PITTSBURGH (KDKA) — Do you like to take pictures, but find yourself getting overwhelmed by all the settings on your camera? Professional photographer Becky Thurner of Thurner Photography offers some expert advice to help you take great photos with the camera you have.
Thurner says it’s important to start with the basics. “We get caught up in chasing the technology and you kind of have to dumb it down — start with the nuts and bolts. I call it starting with the cheese pizza and add the toppings later.”
Sometimes if all else fails, just read the directions.
“They’ve made the manuals a little simpler, a little less intimidating,” Thurner adds, “so open up the book. You’ll be surprised at what you learn!”
A good place to start may be by using your camera’s pre-set modes.
“They’ll give you that type of look,” explains Thurner. “There’s one for landscape, portraits, kids and pets, sports, low light — whatever you are looking to do. Most of them are preset on the point-and-shoots.”
There is no shame in putting your camera on automatic and firing away, either.
“Don’t discount the benefits of automatic because the automatic functions on these cameras are great right now,” she adds. “It’s hard not to take a good picture under most circumstances.”
The key to taking great photos is lighting; and Thurner says nothing beats natural light — “especially when you get an overcast day.”
“It’s like a giant soft box, a giant diffusion, a very, very pretty light. It’s just pretty.”
But she warns, “There are certain times of the day that are not the best. I wouldn’t recommend taking pictures outside at high noon.” The lighting at that time of day is harsh and your subject will probably squint.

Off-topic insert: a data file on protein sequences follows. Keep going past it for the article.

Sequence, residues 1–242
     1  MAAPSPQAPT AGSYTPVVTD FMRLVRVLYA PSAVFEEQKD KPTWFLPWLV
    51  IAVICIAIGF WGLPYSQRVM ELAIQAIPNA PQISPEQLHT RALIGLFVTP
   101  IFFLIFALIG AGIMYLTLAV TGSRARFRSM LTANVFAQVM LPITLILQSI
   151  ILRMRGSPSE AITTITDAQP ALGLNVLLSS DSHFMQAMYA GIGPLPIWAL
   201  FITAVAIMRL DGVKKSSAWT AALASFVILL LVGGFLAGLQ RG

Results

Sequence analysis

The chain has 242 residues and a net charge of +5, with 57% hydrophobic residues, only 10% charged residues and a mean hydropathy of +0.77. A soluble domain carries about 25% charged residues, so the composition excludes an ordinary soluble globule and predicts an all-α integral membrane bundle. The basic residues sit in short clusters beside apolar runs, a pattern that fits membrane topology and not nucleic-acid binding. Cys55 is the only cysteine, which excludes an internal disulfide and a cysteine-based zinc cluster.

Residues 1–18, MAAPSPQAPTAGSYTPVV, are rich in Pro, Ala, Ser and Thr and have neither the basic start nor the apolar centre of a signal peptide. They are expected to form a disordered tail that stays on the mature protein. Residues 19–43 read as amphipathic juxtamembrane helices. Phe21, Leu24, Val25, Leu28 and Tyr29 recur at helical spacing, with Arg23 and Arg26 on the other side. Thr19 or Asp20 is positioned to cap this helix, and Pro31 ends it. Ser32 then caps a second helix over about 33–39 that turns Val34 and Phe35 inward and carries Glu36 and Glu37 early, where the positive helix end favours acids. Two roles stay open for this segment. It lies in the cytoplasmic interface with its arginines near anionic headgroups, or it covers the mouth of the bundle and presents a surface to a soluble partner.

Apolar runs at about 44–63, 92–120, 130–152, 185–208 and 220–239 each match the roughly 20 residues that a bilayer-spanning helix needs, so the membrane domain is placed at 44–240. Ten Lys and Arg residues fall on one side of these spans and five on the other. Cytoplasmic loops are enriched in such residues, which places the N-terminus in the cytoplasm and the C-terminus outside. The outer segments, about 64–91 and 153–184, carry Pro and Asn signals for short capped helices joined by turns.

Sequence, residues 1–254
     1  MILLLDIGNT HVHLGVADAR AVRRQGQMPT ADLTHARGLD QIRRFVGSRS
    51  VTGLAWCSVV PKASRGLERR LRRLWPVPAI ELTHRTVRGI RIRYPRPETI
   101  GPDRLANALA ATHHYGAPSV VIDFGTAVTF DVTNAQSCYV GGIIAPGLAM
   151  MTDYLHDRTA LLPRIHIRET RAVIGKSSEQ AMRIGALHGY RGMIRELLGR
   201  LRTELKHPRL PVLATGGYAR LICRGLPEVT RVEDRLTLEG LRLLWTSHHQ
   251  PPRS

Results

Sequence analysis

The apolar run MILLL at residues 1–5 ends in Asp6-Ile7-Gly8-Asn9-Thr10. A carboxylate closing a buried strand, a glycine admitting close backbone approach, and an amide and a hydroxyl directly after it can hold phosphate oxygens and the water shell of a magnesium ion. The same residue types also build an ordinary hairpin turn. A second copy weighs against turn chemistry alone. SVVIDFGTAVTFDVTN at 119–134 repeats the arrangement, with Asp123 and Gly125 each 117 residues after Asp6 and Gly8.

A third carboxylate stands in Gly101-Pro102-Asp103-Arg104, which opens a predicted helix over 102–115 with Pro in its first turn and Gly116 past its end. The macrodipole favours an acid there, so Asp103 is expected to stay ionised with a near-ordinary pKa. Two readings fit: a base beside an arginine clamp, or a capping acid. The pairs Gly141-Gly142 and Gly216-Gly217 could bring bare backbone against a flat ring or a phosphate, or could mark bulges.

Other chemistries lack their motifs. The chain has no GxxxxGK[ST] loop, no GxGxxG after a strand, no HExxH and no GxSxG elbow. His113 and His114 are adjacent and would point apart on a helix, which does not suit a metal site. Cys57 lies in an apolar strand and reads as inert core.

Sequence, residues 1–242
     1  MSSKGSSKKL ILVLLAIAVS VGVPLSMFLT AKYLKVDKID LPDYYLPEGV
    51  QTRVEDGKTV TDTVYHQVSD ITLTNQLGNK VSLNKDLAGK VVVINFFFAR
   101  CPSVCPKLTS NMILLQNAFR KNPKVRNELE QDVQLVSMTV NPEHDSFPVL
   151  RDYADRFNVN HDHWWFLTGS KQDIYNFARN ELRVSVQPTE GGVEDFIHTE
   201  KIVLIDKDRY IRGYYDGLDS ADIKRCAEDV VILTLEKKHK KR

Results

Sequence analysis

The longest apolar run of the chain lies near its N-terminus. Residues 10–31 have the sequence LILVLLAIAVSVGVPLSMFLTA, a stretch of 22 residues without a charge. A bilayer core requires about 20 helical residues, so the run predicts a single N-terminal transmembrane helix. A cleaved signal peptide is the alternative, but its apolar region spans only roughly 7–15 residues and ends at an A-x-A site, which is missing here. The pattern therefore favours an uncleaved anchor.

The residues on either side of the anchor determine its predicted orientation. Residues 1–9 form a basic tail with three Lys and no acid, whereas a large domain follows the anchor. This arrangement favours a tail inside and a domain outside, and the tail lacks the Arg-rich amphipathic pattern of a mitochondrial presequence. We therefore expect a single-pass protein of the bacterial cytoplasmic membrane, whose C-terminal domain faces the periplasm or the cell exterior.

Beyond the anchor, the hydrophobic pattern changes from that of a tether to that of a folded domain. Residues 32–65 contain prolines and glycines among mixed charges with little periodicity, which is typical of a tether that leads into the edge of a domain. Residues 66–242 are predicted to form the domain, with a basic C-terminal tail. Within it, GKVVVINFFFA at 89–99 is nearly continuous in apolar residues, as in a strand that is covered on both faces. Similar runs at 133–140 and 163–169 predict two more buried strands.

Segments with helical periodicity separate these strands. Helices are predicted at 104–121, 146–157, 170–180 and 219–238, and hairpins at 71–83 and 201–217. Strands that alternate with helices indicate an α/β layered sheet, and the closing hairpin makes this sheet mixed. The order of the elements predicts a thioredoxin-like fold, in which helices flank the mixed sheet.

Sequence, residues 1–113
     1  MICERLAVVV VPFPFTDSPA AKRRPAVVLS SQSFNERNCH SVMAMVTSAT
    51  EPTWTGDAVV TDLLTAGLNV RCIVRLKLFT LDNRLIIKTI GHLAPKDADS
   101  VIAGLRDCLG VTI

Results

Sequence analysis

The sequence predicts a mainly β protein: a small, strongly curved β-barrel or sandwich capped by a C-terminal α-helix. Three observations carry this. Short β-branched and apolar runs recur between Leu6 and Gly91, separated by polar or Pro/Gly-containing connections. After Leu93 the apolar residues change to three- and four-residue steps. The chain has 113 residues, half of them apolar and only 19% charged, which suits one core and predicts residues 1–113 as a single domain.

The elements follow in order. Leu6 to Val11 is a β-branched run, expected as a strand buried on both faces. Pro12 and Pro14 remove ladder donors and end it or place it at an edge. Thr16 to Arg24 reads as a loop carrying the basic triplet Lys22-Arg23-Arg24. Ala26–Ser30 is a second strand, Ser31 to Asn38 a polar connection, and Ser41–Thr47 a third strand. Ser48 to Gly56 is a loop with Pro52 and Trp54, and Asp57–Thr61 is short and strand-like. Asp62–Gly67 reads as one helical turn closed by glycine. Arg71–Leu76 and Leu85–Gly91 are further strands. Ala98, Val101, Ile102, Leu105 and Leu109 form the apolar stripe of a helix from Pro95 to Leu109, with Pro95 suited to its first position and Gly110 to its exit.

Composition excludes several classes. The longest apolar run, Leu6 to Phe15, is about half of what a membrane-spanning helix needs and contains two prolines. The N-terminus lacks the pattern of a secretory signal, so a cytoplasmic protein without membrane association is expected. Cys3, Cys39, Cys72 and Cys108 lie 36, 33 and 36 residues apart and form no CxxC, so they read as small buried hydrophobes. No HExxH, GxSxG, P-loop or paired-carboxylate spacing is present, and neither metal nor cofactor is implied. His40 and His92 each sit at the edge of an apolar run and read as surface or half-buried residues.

On more expensive cameras, you can change lenses; but be forewarned: it is not unusual for a professional grade lens to cost as much — or more — than the camera itself.
“A really nice option is to have a telephoto lens — to have some kind of zoom,” Thurner adds. “I have a 24-70 zoom that I use for just about anything I can think of. I never thought in a million years I would use that lens as much as I do, but it’s a wonderful lens and it covers a nice range of distances.”
Since pictures are our way of trying to freeze the moment in time, Thurner says it’s important to take your time capturing it.
“Fill the frame with what you want to see and if that means taking two steps closer or backing up a little bit — whatever that means, take the time to just take that extra 5- to 10-seconds and just make sure it’s what you want to see.”
In other words, photography is still as much about the person taking the picture as it is the equipment in their hands.